After that visit, I came to see him again and again. He was an interesting person, and I enjoyed listening to him. In summer, I would often see him every day. The services ended while it was still light, and there was still time for talking. He learned from him a lot. He gave me answers to many questions that troubled me, and I could listen to him forever. I was troubled, for example, by the biblical story about the slaying of infants by King Herod. A prophet had predicted it, and the Lord knew that it was coming. Why did not He stop this mass murder of the innocents? His Holiness said to me: “Let us think about it this way. What if the Lord had intervened and prevented the massacre, and all these infants would have grown to the same age as Jesus in His earthly life, and they would all be among the crowd in Jerusalem shouting “Crucify Him!” They would not have accepted Christ and they would be in hell. But instead, we commemorate them as saints, and they are in the Kingdom of Heaven. Despite my young age, he brought me to understand that the ways of the Lord are inexplicable. God does not intervene, but He gives everyone – a human being, an angel or the devil – the freedom of choice. He makes them free to decide what they want to become. He continued to be my spiritual guide for many years to come. He was a bishop, but he was always available to answer questions from a little boy like me.
It was interesting to watch him in his everyday life and during the services. At Easter, he was tireless and enthusiastic, greeting everyone who came, “Christ is risen!” He moved around so quickly that his assistants could barely keep up with him.
Once at church, I witnessed this scene. We were preparing to celebrate a great feast, and we the altar boys were in our white habits. The bishop was in the altar, his assistants were helping him with his habits, and I was holding his staff. Then the assistants left, and I stayed.
By then, they had already begun to read the hours, as the people were putting up the candles. A sudden transformation occurred in him. He illuminated a divine light, and his eyes were sparkling with joy. I was looking at him and saw nothing but this divine light. I turned away for a few seconds and looked at him again. There was no more light. Bishop John was proceeding with the service.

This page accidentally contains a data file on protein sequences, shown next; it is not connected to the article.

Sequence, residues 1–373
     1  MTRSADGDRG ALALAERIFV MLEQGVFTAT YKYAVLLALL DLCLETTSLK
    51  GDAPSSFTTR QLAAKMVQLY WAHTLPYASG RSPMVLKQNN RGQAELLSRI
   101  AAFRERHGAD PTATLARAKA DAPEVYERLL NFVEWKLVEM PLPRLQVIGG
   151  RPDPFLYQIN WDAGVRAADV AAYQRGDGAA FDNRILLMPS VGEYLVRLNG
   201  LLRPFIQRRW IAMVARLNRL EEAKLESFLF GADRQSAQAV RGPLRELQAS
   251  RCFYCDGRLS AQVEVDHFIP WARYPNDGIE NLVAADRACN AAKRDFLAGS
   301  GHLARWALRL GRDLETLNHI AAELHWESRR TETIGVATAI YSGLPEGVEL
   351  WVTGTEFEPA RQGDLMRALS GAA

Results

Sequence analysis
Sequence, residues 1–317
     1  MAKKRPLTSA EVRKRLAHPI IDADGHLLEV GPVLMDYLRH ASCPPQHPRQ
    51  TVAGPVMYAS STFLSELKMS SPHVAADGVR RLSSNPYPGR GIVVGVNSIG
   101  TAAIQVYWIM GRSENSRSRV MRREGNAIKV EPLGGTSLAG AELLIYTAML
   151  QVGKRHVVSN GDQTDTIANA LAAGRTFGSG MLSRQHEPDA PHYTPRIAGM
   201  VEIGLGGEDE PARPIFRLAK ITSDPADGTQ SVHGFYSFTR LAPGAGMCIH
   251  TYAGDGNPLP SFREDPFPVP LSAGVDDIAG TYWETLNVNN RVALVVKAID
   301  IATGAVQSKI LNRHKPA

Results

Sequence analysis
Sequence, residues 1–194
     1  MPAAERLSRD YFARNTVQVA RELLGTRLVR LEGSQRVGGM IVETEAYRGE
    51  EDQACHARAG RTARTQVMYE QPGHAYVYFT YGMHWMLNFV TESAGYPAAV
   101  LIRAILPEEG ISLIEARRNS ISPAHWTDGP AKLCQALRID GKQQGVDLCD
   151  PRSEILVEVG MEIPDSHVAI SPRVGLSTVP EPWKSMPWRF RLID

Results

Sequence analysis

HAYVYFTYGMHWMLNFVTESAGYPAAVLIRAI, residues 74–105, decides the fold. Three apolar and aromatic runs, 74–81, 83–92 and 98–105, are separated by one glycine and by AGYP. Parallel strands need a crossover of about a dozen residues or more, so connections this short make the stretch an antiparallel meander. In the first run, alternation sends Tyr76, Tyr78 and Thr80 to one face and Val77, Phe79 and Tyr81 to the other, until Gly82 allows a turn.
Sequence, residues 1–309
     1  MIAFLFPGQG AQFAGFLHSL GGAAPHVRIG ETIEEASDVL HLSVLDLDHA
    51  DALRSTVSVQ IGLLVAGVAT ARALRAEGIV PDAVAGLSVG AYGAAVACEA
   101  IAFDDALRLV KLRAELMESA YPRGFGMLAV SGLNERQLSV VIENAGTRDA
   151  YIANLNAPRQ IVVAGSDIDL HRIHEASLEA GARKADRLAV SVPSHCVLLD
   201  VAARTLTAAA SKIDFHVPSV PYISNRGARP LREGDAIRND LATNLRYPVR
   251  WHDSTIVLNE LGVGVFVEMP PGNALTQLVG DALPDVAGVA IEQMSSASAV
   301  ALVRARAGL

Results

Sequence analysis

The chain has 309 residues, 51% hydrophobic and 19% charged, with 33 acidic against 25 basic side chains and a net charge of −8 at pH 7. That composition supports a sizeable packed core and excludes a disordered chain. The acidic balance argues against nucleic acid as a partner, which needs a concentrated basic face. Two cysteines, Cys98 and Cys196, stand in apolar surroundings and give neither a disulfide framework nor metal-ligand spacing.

I had already known him for years, I became quite attached to him. The Great Lent was approaching, and I resolved to spend the Lenten season modelling his life. He led an ascetic lifestyle: he slept seated and ate no meat. I did the same. My parents noticed. One night, when everyone was asleep, I got out of bed, spread my sheet on the floor and lay down. My mother saw this, and the next morning my parents went with me to the bishop. They told him about my behaviour and said that I was not listening to them.
The bishop was indignant. “Now what do you think you are doing? Do you think you are pleasing God with your behaviour? You should listen to your mother and father, that is the first thing you should do. Why are you not listening? It is a commandment of God to obey your parents. Then he called the church guard Michail and said, “Go to the store and buy some sausage.” Michael brought the sausage. “Eat it,” commanded Bishop John.
“But it is the Great Lent. I cannot!”
“You must first obey your mother and father. Eat!”
I was in tears, but I listened. I did not finish it all up, but I ate quite a bit.
Eventually, we moved to the Philippines and then to Australia. I lived a different life. I finished school and went to work in finance. No longer did I feel the same closeness to the Church. My family believed, and we all went to church every Sunday, but progressively less on other days. At that point, I received my first letter from Bishop John of Shanghai.
To be continued…
Translated by The Catalogue of Good Deeds